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- University World News
Plotting policy pathways across landscapes of the past (South Africa)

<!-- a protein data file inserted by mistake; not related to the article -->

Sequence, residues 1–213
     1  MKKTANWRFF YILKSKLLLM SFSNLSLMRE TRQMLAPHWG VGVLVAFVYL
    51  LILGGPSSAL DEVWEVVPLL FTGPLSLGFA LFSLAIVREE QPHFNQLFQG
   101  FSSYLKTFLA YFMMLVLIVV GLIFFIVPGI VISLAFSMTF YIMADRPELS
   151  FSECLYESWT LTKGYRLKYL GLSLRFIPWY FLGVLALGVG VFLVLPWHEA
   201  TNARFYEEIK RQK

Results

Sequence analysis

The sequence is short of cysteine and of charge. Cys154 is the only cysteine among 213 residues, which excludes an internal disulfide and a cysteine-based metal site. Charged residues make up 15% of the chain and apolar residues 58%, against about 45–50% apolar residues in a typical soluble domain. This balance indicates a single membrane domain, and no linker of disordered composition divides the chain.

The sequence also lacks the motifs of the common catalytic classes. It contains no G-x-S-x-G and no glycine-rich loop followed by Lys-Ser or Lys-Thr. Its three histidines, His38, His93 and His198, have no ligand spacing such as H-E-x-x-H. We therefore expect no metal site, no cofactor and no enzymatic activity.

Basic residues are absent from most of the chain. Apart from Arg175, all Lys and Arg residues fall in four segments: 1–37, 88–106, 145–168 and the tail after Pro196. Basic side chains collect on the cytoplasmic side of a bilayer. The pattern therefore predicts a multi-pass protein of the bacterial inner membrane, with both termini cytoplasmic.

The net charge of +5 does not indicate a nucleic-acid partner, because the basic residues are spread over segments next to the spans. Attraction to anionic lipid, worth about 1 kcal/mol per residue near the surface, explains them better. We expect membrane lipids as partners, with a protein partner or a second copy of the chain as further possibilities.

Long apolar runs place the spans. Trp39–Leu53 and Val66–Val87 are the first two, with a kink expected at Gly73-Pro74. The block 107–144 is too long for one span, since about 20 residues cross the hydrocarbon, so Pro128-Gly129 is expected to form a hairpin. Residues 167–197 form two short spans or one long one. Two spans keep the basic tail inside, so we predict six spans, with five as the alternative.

With some scientists claiming that we have only 12 years to save the planet, the Academy of Science of South Africa (ASSAf) may have chosen an opportune time-frame for its evaluation of scholarly publishing, the keystone system used by scientists to communicate and verify truth claims. Reflecting on the past dozen years, the academy’s recently published ‘landmark’ report*, Twelve Years Later: Second ASSAf report on research publishing in and from South Africa, sets out to provide substance for informed debate on the state of scholarly publishing in South Africa and, hopefully, for policy consistent with the emergent evidence. Whether the report delivers on this undertaking is the motivation behind this short article. The report comprises eight chapters. Chapters 1 and 2 provide summaries of previous ASSAf reports published in 2006 and 2009 respectively. Chapter 5, a bibliometric analysis of scholarly publishing in South Africa, provides the most recent account (2005 to 2014). All the reports’ 16 tables and 32 figures appear in this chapter with its two-paragraph conclusion. Here the report showcases how the vast store of bibliometric data can be put to use to provide empirical evidence on the actual contours of the scholarly publishing landscape in South Africa. Sandwiched in-between are Chapters 3 and 4: one chapter reviews the academy’s Scholarly Publishing Programme and its activities over the past 12 years, and the other presents the problems of access for South African researchers seeking to publish in international journals. Chapter 6 draws attention to emerging sources of misconduct and questionable behaviour in scholarly publishing, while Chapter 7 discusses new publishing models and issues related to the quality of scholarly publishing. The final chapter concludes with eight recommendations to improve and protect scholarly research publishing in and from South Africa.